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Employment Law Newsletter: A Monthly Report On Labor Law Issues

Our Monthly Report on Labor Law Issues, also known as the Employment Law Bulletin, is a monthly newsletter that covers a wide range of labor law issues, including affirmative action plans, strikes, OSHA regulations, minimum wage requirements, and more. Other topics covered have included issues related to the COVID-19 pandemic, such as workplace walk-outs and strikes, vaccinations, and employee rights related to positive test results and quarantine. The newsletter also covers issues related to discrimination, such as artificial intelligence and racial bias, and issues related to unions, such as organizing efforts and union successes at companies like Amazon and Starbucks. The newsletter also covers issues related to taxes, immigration, and court cases related to labor law.

skyscraper, sky with clouds
This article can more properly be described as an editorial, but the writer honestly believes the accuracy of the above statement.  The extent of unionization in the private sector has declined from approximately 35% at the end of World War II, to the 6% range that exists today.  Unions contend that it is impossible for them to gain representation under t...
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In 2016, the Department of Justice (DOJ) shifted its policy to criminally prosecute employers and executives that enter into wage-fixing or no-poach agreements with other employers.  President Biden issued an Executive Order in 2021 that encouraged the DOJ and the Federal Trade Commission (FTC) to broaden enforcement against "wage collusion" and other unl...
looking out plan window at horizon, sunset
An extremely interesting issue has arisen over whether employers can be charged with discrimination by providing abortion travel benefits.  One of the EEOC commissioners has instituted a rarely used Agency procedure to initiate discrimination investigations involving at least three companies over their providing abortion travel benefits to employees.  The...
circulat light structure, brick
President Biden, the most pro-union President in history, continues his agenda at the National Labor Relations Board (NLRB), both in NLRB decisions, proposed decisions, and proposed new regulations.  
midterm voting entrance, outdoors
Most predictions were for Republicans to gain over 20 seats in the U.S. House of Representatives, and polls just prior to the elections suggested that they could even regain the Senate.  The polls got it wrong again, and this time the actual result favored the Democrats.  Democrats have won 50 seats in the Senate, and thus can control the outcome there wi...
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Employers are required to post many types of notices in the workplace, some required by federal law, and some by the various state laws.  Notices are generally required to be placed in a conspicuous location in the workplace where notices to applicants and employees are customarily posted.  The EEOC offers ready-to-print posters and it is important to use...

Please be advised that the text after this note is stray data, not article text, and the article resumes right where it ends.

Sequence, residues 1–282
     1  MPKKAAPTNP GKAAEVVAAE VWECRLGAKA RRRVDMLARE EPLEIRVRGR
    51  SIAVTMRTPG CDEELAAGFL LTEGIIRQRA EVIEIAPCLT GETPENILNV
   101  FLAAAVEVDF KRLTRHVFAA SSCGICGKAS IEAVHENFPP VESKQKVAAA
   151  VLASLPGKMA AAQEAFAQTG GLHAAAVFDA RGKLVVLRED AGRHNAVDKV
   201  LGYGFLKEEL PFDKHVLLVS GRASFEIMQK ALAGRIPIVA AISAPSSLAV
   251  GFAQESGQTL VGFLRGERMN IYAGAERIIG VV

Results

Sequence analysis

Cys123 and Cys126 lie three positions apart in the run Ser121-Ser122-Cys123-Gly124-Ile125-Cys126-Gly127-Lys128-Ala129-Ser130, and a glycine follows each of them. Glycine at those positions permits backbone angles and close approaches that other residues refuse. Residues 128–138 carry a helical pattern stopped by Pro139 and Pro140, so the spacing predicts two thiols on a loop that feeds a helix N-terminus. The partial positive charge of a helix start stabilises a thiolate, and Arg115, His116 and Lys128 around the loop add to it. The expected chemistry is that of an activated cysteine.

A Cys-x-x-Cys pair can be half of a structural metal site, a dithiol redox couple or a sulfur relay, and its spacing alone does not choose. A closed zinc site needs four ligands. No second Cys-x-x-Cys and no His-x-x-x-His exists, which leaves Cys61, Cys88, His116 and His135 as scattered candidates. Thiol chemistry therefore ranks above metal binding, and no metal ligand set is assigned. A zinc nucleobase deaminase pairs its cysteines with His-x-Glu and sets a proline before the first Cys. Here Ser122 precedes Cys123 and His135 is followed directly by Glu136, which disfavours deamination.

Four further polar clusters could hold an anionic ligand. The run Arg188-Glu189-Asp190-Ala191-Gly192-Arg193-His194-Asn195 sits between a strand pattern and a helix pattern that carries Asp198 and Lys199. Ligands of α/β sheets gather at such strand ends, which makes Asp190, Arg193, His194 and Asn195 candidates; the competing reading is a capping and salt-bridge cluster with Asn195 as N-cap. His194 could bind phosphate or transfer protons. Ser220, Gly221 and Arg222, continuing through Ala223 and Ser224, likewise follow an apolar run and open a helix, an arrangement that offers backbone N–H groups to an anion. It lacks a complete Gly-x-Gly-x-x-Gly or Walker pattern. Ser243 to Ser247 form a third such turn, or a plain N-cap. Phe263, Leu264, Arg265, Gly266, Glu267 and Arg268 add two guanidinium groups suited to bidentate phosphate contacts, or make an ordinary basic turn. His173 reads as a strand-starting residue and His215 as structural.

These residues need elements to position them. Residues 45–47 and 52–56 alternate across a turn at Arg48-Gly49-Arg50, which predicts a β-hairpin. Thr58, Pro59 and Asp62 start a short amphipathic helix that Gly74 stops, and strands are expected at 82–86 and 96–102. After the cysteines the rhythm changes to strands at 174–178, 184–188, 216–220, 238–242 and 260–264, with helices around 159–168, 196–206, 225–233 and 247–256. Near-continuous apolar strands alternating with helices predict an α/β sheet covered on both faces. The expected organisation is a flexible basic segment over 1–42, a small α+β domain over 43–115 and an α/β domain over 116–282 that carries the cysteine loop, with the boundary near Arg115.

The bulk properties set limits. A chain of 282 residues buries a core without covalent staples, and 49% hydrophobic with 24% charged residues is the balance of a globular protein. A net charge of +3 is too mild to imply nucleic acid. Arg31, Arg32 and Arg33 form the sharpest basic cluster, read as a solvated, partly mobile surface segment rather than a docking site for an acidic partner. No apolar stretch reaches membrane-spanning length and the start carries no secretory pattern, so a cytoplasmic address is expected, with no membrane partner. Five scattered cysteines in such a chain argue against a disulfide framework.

Laboratory technician monitoring environment in lab
The Centers for Disease Control (CDC) has modified its guidance on preventing transmission of COVID-19.  The main thrust of the guidance is to shift the emphasis to individuals.  However, the CDC still recommends that organizations improve building ventilation, and include using HEPA filters, opening windows to bring in outdoor air and turning on fans to ...
Man typing on a laptop indoors by a window
In January 2021, the Department of Labor (DOL) during the Trump Administration published a rule titled "Independent Contractor Status Under the Fair Labor Standards Act" (IC Rule) providing guidance on the classification of independent contractors in any industry.  In 2021, the IC Rule identified five economic reality factors to guide the inquiry.  Two of...
starbucks coffee storefront, night
As set forth in this newsletter recently, Starbucks has been the subject of a corporate campaign by unions to organize Starbucks employees and in the process claim the employer is a law violator and bad employer.  In late August, Starbucks took an incredibly bold move publicly accusing the National Labor Relations Board (NLRB) of secretly colluding with t...
person wearing a dreamer jacket
The Deferred Action for Childhood Arrival Programs (DACA), begun in 2012, offers the ability to work legally to some 600,000 undocumented persons who came to the U.S. as children.  The Obama-era rule has been under legal attack and a court in Texas ruled the program was illegal and barred the federal government from accepting new applicants, although it p...
shirts folded and laid out across table, indoors
The National Labor Relations Board (NLRB) with its new Democrat majority, issued a major ruling on August 29, 2022, expanding employee rights to wear pro-union shirts and the like at work.  "Wearing union insignia, whether a button or a t-shirt, is a critical form of protected communication," NLRB Chairman McFerran said in a statement.  "For many decades,...

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